Simple saddle checks you can do at home

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Regular saddle checks by owners are a good idea provided that the saddle has initially been fitted by a qualified saddle fitter. Master saddler Kay Hastilow discusses a few checks you can do to assess the fit of a saddle.

A professional fitter will be looking at aspects of the fit you may be unaware of and will be better placed to perform safety checks and identify any possible damage to the saddle.

In between checks, however, there are a number of simple checks you can carry out.

Clearance

The first check is for clearance. Think about what we’re trying to achieve, which is clearance of the spinous processes at all times, at all paces and with a rider on.

If the clearance is never less than 1/2in, then that’s enough, but it must be right through the saddle, including under the cantle.

Balance

This next check is rarely considered, but it really should be picked up by any professional involved with the horse, such as a trainer.

The saddle should balance evenly from front to back, so the rider will sit correctly without stirrups and without having to tip forwards to keep their balance.

The easiest way to check this is by asking someone to take a photo of you side on, at halt, walk and trot. Look to see if the saddle looks level. If it’s not, the rider will tip forwards in an effort to keep their balance.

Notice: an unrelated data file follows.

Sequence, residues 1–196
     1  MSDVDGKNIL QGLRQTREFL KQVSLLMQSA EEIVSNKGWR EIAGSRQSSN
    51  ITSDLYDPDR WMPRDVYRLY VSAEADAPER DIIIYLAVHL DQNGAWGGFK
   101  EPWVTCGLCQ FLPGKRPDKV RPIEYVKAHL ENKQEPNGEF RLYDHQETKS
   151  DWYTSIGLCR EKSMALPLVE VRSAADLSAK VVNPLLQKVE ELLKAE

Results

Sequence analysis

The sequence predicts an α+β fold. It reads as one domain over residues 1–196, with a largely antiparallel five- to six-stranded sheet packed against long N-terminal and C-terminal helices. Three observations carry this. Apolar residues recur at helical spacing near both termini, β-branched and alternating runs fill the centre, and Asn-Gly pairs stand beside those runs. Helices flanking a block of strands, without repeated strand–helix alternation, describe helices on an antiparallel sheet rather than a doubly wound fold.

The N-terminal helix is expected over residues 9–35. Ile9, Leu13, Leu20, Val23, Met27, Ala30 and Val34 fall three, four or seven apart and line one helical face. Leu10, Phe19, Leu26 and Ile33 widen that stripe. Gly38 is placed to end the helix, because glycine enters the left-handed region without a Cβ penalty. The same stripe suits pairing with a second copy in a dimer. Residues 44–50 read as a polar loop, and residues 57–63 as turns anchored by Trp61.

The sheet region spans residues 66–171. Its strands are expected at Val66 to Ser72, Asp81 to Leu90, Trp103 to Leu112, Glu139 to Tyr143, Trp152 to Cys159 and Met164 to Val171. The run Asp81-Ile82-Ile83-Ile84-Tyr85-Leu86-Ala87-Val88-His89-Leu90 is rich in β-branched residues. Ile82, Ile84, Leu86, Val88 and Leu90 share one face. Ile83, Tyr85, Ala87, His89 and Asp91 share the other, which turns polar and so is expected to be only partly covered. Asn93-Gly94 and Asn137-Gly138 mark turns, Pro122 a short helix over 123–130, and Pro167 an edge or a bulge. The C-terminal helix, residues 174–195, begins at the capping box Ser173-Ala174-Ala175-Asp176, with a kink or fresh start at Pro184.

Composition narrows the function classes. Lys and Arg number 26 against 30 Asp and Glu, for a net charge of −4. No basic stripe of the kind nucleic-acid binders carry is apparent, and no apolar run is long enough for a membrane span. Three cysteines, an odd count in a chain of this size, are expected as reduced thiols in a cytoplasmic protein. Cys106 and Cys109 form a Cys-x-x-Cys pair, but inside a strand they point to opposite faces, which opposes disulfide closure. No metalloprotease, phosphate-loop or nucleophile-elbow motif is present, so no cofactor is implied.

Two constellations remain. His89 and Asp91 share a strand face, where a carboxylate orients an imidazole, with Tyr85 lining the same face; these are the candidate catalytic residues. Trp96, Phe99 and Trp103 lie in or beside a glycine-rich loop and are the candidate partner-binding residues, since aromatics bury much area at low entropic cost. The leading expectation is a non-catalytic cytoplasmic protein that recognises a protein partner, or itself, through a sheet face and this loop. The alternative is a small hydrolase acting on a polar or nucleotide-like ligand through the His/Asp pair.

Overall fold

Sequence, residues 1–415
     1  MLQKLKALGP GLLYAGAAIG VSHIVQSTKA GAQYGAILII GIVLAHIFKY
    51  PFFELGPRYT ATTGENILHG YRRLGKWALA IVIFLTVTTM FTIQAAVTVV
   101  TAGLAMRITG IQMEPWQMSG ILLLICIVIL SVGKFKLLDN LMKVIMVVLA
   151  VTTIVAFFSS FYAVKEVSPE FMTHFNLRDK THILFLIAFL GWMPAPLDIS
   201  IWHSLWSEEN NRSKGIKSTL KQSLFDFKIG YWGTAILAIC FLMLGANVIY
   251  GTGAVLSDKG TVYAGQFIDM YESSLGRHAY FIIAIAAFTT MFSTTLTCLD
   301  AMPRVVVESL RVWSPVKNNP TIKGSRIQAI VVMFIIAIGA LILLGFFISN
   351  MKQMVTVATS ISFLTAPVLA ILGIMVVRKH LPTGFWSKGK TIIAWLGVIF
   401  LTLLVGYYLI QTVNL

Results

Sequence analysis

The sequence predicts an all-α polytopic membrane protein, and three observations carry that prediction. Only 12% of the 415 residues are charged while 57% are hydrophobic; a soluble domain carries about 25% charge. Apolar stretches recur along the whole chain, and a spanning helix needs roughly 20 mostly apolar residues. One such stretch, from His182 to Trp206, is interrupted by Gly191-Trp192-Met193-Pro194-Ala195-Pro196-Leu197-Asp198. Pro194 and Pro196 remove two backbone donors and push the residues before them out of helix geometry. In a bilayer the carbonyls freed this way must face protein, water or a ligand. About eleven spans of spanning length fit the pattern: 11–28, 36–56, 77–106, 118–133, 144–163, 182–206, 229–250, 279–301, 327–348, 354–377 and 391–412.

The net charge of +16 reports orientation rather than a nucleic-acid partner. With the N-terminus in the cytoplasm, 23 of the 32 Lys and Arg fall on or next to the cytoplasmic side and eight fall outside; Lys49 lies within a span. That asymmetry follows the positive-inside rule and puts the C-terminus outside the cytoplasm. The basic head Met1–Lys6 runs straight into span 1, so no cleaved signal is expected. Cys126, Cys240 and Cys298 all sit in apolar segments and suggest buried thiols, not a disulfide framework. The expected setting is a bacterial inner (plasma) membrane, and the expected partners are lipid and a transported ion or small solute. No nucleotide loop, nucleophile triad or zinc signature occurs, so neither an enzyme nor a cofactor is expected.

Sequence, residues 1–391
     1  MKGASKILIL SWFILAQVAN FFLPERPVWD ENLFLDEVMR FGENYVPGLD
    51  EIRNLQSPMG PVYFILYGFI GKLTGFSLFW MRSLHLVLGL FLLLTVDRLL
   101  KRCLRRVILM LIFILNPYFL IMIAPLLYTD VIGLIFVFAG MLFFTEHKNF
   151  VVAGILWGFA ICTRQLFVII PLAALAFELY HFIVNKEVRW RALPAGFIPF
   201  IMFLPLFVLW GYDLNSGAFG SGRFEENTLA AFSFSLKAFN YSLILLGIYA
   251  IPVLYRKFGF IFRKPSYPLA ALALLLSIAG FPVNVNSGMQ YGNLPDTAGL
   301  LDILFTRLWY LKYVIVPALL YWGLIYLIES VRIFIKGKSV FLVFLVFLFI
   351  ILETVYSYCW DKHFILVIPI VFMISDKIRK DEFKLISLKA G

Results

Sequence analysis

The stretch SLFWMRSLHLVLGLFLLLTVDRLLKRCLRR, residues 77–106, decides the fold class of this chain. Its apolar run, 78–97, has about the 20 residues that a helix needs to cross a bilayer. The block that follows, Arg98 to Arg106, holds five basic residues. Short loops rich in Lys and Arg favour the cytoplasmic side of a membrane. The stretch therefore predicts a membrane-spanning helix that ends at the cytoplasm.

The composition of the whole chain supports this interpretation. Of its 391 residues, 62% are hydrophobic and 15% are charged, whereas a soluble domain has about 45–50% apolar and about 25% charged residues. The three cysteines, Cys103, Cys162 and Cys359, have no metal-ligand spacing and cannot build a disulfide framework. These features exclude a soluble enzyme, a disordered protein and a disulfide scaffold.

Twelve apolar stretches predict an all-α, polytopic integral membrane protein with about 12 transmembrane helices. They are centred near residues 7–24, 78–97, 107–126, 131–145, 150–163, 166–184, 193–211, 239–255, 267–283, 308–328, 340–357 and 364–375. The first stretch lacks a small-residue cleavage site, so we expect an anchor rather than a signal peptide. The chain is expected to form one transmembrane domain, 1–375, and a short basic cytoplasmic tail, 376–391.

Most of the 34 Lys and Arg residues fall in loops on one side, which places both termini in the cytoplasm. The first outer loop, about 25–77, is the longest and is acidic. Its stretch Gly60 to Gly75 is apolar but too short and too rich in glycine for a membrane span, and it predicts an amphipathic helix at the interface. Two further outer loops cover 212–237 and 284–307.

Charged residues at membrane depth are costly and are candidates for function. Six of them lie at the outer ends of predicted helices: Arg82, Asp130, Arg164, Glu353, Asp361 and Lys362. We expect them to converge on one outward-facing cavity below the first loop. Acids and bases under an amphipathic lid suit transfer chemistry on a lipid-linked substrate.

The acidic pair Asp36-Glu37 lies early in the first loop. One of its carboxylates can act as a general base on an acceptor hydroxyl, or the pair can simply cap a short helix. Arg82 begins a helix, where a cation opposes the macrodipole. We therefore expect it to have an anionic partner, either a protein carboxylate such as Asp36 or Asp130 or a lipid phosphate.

Don’t assume, though, that if they’re tipping forwards, the front of the saddle needs lifting. It’s just as likely to be the opposite.

Listen to your horse

The third thing is to take notice of what your horse is trying to tell you. If he moves to the back of the box when you go in to tack him up, this may indicate he’s worried about something. It might be his saddle, but it could also be that his bridle, bit or girth is uncomfortable, or his feet are hurting.

Horses will tell us if they have a problem, but you have to learn the language. If your horse doesn’t seem to be going as well as he could, or he’s downright naughty, take time to make sure the behaviour isn’t pain-related.

Observe, listen and give your horse the benefit of the doubt until you’re totally sure it’s just naughtiness, not him shouting ‘I’m hurting – please hear me.’

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